The Internal Revenue Service allows eligible U.S. taxpayers to make annual contributions to Roth individual retirement accounts. Individuals fund Roth IRAs with earnings that have already been subject to income tax. Roth IRAs are designed to supplement the traditional IRA and 401k in a retirement portfolio.
In 1974, Congress passed the Employee Retirement Income Security Act, which sanctioned the creation of individual retirement accounts for people whose employers did not offer pensions. IRA accounts were restricted to those with lower incomes, and they held money that had not been subject to income tax. In 1998, Sen. William V. Roth of Delaware proposed a motion that Congress passed to create Roth IRAs funded with after-tax money. In 2001, and again in 2006, Congress adjusted the income requirements for Roth participants and made it easier for high earners to contribute.
Roth IRAs, unlike traditional IRAs, are not taxable when withdrawn, as long as they are held until the owner reaches age 59 1/2. As of 2010, people age 50 or younger can contribute up to $5,000 per year to Roth accounts, and those age 50 or older can contribute up to $6,000 a year. People withdrawing funds from a Roth IRA account prior to age 59 1/2 are subject to a 10 percent penalty and have to pay income taxes on any earnings. Roth IRAs have no minimum distribution requirements.
Many people think of Roth IRAs as account types, but a Roth IRA is just an IRS designation applied to a sum of money. Roth IRA money can be invested in the same kinds of accounts as non-IRA money. Many people choose to invest Roth IRA money in mutual funds or stocks because they hope to outpace inflation. Banks offer IRA certificates of deposit and IRA savings accounts for more conservative investing.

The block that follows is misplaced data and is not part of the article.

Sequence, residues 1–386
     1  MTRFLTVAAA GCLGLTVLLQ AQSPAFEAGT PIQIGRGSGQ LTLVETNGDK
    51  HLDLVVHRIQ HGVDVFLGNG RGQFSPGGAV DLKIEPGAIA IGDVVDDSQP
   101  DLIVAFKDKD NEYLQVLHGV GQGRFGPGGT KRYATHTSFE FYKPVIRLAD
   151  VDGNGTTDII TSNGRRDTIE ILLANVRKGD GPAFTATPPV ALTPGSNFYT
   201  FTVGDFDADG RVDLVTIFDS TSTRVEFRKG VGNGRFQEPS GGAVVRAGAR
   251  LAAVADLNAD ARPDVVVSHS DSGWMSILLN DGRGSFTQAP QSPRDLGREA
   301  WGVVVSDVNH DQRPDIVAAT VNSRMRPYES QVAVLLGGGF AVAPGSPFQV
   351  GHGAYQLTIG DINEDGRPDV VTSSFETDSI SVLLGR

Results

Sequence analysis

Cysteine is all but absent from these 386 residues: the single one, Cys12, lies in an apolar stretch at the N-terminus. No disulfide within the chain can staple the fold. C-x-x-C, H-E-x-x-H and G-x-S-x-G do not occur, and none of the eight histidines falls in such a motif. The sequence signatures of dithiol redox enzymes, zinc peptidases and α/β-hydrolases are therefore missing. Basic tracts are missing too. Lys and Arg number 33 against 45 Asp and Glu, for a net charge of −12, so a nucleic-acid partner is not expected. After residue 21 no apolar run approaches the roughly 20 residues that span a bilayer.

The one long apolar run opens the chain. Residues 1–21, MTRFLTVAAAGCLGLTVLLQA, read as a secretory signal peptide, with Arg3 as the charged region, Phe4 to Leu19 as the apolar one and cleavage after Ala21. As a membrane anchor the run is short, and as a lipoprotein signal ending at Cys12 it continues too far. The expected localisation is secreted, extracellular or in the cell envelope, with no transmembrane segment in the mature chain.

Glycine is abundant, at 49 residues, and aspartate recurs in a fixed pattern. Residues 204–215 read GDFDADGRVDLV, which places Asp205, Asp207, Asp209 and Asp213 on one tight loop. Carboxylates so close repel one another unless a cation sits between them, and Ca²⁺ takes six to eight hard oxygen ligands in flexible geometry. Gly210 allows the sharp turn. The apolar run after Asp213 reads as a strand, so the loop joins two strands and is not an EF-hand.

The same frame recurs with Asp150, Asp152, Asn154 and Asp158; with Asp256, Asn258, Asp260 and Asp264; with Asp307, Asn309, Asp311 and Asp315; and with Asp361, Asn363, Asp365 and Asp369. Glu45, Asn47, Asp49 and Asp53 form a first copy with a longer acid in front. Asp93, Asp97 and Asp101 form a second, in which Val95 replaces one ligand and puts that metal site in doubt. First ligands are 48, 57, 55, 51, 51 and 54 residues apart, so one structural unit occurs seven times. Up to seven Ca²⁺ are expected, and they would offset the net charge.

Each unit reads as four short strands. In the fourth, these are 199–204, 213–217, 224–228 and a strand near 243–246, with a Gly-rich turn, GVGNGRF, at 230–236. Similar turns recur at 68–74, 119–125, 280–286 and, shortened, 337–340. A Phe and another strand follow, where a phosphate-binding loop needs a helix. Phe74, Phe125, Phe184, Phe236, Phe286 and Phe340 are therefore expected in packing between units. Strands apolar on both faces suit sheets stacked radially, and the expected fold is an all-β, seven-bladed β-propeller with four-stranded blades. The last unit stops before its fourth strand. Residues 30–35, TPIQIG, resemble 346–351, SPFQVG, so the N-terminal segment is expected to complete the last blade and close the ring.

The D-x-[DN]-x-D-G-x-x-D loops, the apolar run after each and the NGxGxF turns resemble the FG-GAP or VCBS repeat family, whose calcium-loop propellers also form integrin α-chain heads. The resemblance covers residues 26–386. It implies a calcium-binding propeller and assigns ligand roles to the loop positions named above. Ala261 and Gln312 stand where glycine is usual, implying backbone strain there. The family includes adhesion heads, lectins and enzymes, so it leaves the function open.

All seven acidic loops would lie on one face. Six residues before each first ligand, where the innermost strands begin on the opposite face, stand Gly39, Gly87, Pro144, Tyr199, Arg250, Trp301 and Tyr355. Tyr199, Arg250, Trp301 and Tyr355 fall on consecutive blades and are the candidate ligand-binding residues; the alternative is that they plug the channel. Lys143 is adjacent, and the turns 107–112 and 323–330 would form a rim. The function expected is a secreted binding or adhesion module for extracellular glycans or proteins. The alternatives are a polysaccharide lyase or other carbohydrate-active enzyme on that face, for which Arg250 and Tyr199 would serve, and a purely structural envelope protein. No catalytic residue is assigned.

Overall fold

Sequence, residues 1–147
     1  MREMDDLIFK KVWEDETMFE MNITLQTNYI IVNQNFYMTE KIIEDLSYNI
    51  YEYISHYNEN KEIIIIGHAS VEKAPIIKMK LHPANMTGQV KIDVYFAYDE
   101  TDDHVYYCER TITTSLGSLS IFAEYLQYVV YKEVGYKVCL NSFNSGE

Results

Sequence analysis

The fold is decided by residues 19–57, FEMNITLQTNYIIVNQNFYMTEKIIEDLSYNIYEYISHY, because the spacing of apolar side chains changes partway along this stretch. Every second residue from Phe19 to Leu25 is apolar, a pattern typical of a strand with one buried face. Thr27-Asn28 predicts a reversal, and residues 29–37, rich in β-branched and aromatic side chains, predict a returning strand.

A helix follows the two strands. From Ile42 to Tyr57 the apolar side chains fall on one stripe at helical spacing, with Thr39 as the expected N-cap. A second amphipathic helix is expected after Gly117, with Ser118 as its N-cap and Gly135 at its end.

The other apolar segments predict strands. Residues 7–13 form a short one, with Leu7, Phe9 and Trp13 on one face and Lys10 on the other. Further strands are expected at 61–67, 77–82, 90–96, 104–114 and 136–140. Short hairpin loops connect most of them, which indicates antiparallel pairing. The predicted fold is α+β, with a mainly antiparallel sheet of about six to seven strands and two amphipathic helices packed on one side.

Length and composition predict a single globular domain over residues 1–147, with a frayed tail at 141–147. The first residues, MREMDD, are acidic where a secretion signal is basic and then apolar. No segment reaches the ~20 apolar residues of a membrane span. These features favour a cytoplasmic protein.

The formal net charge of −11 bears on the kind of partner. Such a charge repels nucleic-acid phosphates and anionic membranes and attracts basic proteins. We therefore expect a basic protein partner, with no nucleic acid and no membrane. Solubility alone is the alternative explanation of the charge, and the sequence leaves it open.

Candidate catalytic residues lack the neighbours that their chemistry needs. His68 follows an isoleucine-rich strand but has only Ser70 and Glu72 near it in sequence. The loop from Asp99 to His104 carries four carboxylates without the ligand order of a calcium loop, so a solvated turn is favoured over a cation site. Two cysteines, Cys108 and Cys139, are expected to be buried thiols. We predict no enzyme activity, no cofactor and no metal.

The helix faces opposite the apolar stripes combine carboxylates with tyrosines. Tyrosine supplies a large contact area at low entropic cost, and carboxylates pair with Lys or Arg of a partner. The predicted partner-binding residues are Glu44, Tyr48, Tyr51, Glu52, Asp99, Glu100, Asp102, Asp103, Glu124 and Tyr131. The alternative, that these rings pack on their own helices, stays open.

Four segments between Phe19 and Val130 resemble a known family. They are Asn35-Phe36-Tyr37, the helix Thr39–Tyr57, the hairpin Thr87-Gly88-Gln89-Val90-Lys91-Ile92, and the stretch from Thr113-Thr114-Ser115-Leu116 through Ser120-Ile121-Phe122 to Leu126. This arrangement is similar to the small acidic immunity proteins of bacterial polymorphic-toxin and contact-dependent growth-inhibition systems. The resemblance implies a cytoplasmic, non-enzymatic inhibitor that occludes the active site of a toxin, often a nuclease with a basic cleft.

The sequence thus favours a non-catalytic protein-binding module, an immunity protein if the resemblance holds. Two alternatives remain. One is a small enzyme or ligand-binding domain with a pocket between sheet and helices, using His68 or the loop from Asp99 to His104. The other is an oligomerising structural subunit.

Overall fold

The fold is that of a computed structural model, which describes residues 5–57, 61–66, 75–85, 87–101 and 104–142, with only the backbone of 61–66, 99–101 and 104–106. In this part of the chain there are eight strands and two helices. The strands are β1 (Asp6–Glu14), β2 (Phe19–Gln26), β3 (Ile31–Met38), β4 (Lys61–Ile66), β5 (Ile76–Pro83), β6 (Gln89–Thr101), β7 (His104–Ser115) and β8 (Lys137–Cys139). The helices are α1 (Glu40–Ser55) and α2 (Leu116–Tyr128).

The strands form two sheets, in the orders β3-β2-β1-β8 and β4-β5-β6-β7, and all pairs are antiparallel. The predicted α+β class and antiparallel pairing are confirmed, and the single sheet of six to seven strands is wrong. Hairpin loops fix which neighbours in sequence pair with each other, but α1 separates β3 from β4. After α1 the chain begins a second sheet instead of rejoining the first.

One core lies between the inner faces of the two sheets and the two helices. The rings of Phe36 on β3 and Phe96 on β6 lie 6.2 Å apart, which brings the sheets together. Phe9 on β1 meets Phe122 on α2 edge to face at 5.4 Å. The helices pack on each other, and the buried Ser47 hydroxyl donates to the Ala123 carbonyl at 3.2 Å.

The Federal Deposit Insurance Corporation only covers money placed in conventional bank products. Checking accounts, savings accounts, bank money markets and certificate of deposit accounts are covered by the FDIC. Accounts at credit unions are not FDIC-insured, but most of them are covered by the National Credit Union Administration depository insurance fund. Many bank officers are licensed to sell mutual funds and annuities, but although customers can buy IRA mutual funds and IRA annuities at the bank, they are not covered by the FDIC.
As of 2010, the FDIC covers bank Roth IRA accounts up to $250,000 per financial institution. The FDIC covers IRA money separately from nonretirement accounts so it does not have any relation to coverage limits on nonqualified accounts. Balances over $250,000 are not covered, but consumers can open multiple Roth IRAs at different banks and have $250,000 of FDIC coverage at each one. Traditional IRAs and other retirement accounts are bracketed together with Roth IRAs under FDIC coverage limits, and adding a beneficiary will not increase the maximum coverage.